Brace yourself Sky gazers! Total Eclipse of Moon on April 4th- NASA reports
Believe it or not, but for the third time in less than 12 months U.S. sky gazers will be able to witness a total eclipse of the Moon.
On April 4th at 3:16 a.m. Pacific Daylight Time, this eclipse starts its course when the edge of the Moon penetrates the amber core of the Earth’s shadow for the first time. For the next 1 hour and 45 minutes the Earth’s shadow will travel across the lunar disk, eventually covering the whole Moon at 4:58 am PDT.
The eclipse will be disrupted by the sunrise in the East of the Mississippi River, where only partial eclipse can be seen. The ones on the west side will be able to see it all, including totality. “Totality” refers when the Moon is entirely inside Earth’s shadow. There are some total eclipses which have been known to last longer than an hour, also this time the span is of 4 minutes and 43 seconds only. The reason being the Moon is sailing on the edge of the Earth’s shadow instead of passing centrally through it.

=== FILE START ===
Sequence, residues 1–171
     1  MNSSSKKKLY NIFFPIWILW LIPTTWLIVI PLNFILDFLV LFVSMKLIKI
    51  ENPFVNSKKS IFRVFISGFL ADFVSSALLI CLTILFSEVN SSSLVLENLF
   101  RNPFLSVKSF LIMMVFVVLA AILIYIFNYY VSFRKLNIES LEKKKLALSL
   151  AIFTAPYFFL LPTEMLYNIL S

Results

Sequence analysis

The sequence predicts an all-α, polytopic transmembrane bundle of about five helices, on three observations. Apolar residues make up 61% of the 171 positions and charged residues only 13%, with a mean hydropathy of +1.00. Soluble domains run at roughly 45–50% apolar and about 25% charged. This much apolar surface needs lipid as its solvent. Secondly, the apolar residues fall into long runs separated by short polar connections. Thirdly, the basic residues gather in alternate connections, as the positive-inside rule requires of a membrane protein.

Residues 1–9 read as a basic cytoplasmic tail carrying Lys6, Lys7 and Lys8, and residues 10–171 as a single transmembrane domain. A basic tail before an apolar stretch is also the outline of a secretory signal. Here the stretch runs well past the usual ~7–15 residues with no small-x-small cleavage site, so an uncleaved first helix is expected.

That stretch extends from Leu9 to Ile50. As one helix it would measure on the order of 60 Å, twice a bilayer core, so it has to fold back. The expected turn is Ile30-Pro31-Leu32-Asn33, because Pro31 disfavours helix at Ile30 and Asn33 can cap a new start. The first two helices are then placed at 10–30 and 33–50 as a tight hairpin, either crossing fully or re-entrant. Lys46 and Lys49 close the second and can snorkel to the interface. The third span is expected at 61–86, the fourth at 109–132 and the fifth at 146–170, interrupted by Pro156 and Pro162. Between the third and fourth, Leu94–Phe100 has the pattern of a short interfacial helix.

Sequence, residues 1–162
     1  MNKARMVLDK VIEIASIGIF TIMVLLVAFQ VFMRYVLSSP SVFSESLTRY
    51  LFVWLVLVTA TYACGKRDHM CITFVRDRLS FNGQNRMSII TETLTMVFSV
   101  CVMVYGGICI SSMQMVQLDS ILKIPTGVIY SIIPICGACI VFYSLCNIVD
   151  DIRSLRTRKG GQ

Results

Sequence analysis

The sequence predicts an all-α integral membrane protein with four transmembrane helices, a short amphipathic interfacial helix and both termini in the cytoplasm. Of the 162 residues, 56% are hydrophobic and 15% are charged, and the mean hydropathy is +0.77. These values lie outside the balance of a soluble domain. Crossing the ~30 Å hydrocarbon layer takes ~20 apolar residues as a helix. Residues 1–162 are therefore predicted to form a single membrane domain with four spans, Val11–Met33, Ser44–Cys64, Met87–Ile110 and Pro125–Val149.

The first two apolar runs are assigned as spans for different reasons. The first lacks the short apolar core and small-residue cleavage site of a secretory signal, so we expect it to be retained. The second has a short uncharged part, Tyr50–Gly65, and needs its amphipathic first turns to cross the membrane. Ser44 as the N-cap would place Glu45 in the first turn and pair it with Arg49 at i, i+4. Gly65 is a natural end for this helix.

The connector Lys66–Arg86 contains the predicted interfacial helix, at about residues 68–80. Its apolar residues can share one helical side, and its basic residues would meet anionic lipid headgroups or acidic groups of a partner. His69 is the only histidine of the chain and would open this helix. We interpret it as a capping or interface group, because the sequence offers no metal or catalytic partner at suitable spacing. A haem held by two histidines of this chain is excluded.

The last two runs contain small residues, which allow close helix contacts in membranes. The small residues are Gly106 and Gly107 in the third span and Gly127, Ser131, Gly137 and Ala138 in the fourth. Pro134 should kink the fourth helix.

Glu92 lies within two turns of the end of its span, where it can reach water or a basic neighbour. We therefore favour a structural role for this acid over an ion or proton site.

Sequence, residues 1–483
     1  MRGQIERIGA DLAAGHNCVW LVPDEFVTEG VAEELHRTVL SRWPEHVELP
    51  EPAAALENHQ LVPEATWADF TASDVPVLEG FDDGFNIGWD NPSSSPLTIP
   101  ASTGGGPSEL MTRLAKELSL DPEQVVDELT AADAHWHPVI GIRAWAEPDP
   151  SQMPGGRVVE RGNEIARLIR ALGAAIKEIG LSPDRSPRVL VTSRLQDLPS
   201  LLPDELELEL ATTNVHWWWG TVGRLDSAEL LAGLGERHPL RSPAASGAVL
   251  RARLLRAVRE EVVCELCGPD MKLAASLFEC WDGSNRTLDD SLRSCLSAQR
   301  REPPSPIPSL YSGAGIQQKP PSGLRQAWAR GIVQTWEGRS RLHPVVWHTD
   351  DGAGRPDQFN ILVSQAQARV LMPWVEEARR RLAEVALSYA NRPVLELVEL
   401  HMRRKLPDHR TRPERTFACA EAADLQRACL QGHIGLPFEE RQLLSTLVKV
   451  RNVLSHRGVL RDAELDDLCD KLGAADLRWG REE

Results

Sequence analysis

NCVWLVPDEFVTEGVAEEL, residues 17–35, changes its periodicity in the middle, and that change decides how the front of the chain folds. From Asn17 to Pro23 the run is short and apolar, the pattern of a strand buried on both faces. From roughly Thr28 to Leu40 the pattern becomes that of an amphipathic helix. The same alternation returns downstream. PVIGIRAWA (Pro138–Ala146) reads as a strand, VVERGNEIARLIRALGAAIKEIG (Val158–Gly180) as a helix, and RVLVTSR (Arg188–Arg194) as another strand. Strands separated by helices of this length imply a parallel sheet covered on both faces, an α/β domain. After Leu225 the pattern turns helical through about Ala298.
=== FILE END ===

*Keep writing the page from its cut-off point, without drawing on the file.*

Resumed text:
This briefness of the eclipse emphasizes the importance of being alert if you want to witness the event of seeing the red Moon, so be outside before 4:58 a.m. PDT.
One may wonder why the Moon will be red. Well from the Moon right at that moment, the Earth is overhanging, night side down, fully concealing the sun behind it. The eclipse is on progress. We may think the Earth is absolutely dark but instead from the Moon, the Earth’s circumference is seeing every sunrise and sunset that is taking place, all at once. This light beams into the heart of the Earth’s shadow, filling it with a coppery glow, and changing the moon into a red orbit when looked at from Earth.
This total eclipse on April 4th will be the third of the total four that has taken place in a period of 6 months, a phenomenon referred to as “tetrad” by astronomers. This kind of a close by event of eclipses is quite rare.
So if you want to experience this unique event, then wake up before sunrise, and have a great time gazing at the sky.